December 04, 2009
It’s time to clean out my cancer closet. Between living with cancer for nine years and researching and writing a book on young adult cancer for five years, I’ve accumulated an abundance of oncology articles, books, and magazines.
The task is more emotional than I anticipated. Lodged in my collection of scientific data are notes I scribbled in the margins, like: “None of these stats apply to me. Is it time to abandon Western medicine?” I’m still am not cured. Thankfully I have learned how to manage my cancer better now than when I wrote that note. None the less, it’s sad reading my paper trail of desperation.
It’s hard getting rid of my books on palliative and end of life care. They were invaluable in helping me write resource sections for Everything Changes. A loud voice says, “Hang on to these Kairol, you might need them someday for your own care.” Cleaning my cancer closet is highlighting that over the past two years, I’ve come to expect that I am going to get a secondary form of cancer. I hope I am wrong. I don’t get worked up about it. But it’s a thought I can’t shake.
Some survivors make scrapbooks about their treatment. When I last moved apartments, I culled my collection of get well cards from a mountainous box to one manila envelop. I might even want to ditch that now too. Over time, I cling less to my cancer memorabilia. Yet, I still commemorate my cancer care almost daily through my writing.
I like my perspectives on cancer care. I want to continue blogging, writing columns, speaking, and working on special projects with organizations. But lately I’m making a shift from having two feet in the cancer world to one foot in and one foot out. For example, at the end of this month, I’m stepping down as co-host on The Stupid Cancer Show.
My identity as a cancer patient is shifting. It isn’t easy. But it is good. Growing pains are better than cancer pain.
How much do you want to remember you cancer care and how much do you want to move on? Do you save research information or get well cards? Do you ever anticipate getting a secondary form of cancer?
Read Everything Changes: The Insider’s Guide to Cancer in Your 20s and 30s to learn how Geoff’s identity changed as a 13 year survivor diagnosed at 22.
May 11, 2009
I like my body and I have no problem wearing short skits or low cut shirts. But as a young adult cancer patient I shudder at the exposure of a hospital gown.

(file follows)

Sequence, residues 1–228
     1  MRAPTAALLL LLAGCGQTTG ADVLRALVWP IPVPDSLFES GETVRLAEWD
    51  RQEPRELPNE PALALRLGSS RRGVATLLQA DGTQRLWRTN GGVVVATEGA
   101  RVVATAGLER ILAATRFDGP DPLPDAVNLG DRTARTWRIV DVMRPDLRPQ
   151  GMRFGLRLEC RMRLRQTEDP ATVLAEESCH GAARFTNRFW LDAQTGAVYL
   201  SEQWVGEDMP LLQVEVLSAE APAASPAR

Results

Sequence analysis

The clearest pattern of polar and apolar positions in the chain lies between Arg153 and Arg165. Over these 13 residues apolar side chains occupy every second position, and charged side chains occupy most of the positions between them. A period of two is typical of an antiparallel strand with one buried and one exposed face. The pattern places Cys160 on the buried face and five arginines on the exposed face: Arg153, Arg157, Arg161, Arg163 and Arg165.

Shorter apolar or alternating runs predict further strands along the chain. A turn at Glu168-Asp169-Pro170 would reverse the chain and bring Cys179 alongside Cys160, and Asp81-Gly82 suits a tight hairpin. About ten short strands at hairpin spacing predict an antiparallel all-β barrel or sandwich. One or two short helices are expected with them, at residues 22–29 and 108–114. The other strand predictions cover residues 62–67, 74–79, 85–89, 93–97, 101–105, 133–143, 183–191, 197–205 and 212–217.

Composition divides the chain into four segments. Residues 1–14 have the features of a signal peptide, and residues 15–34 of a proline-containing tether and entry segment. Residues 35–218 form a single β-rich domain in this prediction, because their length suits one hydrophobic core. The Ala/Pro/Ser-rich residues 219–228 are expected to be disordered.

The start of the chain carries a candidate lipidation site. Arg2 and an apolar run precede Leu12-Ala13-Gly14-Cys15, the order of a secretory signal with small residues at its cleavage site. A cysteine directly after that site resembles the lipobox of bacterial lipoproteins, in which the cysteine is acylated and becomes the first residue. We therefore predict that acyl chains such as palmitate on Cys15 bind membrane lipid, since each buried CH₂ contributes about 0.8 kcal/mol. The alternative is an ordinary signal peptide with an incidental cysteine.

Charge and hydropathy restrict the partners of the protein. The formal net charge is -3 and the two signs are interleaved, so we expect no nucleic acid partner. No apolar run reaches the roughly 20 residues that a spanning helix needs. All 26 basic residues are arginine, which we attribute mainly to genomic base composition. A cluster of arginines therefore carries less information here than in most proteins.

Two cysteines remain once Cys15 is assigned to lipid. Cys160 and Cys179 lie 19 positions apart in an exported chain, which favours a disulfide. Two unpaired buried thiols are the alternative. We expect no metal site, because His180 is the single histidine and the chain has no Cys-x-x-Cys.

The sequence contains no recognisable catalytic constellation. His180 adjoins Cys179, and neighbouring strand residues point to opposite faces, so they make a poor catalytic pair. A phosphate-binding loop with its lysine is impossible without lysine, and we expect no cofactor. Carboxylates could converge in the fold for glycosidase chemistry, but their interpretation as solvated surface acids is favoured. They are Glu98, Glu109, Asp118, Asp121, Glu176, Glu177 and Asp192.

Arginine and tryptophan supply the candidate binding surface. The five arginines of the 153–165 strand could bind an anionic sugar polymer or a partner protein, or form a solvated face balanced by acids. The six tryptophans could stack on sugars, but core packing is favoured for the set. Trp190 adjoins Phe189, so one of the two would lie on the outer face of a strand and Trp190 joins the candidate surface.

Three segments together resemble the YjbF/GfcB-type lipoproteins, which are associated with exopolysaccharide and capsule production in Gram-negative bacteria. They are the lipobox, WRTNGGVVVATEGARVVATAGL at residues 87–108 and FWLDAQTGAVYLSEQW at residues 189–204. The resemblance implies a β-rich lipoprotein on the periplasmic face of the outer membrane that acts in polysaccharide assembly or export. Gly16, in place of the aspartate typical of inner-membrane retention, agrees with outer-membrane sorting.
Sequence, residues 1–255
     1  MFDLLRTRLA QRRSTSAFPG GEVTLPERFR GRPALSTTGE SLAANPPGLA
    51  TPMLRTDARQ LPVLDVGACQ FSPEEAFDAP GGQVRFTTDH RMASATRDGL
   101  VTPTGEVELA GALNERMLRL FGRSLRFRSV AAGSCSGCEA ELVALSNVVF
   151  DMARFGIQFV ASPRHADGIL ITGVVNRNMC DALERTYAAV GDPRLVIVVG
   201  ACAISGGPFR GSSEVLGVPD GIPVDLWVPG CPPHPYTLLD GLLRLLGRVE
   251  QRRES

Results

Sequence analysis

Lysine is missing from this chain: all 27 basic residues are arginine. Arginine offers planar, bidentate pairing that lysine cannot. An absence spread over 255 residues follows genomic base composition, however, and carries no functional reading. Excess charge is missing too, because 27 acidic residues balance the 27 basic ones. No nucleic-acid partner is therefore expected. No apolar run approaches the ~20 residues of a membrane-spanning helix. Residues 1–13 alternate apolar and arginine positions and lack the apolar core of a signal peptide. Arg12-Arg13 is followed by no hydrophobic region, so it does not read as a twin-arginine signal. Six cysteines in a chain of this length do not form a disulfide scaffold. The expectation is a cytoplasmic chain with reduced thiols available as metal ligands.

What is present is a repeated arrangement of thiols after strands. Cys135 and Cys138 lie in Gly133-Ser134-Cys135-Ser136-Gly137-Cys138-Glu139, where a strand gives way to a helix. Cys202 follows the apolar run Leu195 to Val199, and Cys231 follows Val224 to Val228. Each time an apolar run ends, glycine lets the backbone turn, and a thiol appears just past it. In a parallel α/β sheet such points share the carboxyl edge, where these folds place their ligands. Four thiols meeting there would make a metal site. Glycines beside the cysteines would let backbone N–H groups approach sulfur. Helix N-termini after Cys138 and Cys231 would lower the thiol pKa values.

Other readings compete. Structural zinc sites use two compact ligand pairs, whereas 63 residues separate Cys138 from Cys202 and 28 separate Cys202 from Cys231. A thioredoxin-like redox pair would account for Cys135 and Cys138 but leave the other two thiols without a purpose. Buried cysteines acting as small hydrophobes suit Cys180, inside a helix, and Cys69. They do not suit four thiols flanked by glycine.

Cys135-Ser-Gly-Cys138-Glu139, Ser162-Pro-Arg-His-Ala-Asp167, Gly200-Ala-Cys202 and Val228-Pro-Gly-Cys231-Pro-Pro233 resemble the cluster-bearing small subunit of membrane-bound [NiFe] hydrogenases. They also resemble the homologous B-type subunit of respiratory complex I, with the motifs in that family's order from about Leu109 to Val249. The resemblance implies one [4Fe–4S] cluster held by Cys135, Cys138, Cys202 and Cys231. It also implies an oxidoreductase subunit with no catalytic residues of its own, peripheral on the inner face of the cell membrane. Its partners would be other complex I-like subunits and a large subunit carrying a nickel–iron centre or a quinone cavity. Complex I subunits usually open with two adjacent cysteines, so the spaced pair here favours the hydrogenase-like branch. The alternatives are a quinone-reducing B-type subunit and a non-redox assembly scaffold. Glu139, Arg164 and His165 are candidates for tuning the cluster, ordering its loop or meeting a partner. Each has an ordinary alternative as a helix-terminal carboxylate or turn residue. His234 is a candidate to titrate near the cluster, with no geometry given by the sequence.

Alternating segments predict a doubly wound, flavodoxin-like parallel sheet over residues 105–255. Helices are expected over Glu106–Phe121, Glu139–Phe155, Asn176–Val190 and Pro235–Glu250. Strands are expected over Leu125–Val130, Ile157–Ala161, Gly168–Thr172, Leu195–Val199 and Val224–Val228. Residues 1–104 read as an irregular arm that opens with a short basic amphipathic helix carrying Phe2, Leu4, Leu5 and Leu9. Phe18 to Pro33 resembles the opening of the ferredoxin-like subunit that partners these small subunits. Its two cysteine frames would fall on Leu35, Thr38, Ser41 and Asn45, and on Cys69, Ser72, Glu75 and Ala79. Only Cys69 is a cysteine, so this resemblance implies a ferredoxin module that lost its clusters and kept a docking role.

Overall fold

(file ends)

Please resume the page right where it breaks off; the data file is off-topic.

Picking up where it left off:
I excel at finding new fashionable ways to tie on a hospital gown, using excess fabric to craft fancy bustles, pleats, and empire waistlines. My creations are often inspired by beat up copies of Vogues sitting next to me in the ladies waiting room.
Despite my loathing for hospital gowns, I recognize that those fly-away openings and simple, barely-there closures exist for easy access. In the end, forget designer garbs, I’d rather docs be able to access my body – especially in case of emergency.
An article in the Wall Street Journal today describes a new grant by the Robert Wood Johnson foundation that will support the creation of new hospital wear. They also report on the Hackensack University Medical Center in New Jersey that commissioned new hospital wear by designer Nicole Miller. The argument exists that new privacy promoting gowns that will boost patient morale.
None of us want our asses hanging out as we stroll the unit with our poles. And, I think patient moral is incredibly important – it helps us comply with doctors orders. But, I think our moral suffers way more from administrative issues, cost issues, and lack of face time with doctors. Given that these new fashion gowns will cost more money to produce and purchase, I say the Robert Woods Johnson foundation and hospitals find other ways to spend their time, dough, and new discovery resources.
What do you think? How important is it to you that we design new hospital gowns? What do you think about current gowns? If you were to redesign an new gown what would it look like? Share any good hospital gown stories you have.